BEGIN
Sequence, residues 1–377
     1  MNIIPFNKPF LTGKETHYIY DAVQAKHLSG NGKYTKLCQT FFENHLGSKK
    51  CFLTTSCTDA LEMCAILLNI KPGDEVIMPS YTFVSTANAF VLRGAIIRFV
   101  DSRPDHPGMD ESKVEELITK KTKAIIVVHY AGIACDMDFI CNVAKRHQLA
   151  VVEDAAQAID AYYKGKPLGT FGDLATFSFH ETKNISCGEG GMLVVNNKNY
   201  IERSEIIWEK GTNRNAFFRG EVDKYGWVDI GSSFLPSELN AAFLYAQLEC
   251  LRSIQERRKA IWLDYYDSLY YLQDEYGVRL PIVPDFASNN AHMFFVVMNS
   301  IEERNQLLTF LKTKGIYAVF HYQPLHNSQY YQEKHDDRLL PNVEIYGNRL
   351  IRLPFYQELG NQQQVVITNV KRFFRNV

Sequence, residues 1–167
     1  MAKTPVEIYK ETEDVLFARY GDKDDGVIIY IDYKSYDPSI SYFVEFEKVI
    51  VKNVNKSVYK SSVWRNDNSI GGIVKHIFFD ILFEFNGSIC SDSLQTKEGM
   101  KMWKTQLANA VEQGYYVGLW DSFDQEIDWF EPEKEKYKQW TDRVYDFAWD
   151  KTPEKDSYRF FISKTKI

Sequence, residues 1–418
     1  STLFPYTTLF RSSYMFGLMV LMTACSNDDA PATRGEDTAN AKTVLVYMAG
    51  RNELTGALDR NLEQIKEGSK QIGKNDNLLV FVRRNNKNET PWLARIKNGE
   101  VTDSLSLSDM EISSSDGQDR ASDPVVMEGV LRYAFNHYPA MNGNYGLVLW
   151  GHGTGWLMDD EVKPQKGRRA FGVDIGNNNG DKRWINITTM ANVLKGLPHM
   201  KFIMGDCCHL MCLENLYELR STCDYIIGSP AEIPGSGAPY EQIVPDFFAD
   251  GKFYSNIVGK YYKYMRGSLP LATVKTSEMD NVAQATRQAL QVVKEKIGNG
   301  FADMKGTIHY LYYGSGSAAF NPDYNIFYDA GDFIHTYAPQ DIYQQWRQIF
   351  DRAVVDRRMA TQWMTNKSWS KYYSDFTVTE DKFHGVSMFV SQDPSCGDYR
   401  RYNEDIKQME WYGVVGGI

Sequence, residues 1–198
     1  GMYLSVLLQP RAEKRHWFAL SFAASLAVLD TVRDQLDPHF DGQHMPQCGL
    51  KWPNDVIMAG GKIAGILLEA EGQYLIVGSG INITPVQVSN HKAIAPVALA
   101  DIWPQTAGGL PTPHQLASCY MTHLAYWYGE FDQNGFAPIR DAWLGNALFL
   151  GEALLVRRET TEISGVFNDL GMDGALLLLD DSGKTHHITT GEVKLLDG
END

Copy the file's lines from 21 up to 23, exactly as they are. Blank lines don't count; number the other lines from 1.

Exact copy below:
   251  GKFYSNIVGK YYKYMRGSLP LATVKTSEMD NVAQATRQAL QVVKEKIGNG
   301  FADMKGTIHY LYYGSGSAAF NPDYNIFYDA GDFIHTYAPQ DIYQQWRQIF
   351  DRAVVDRRMA TQWMTNKSWS KYYSDFTVTE DKFHGVSMFV SQDPSCGDYR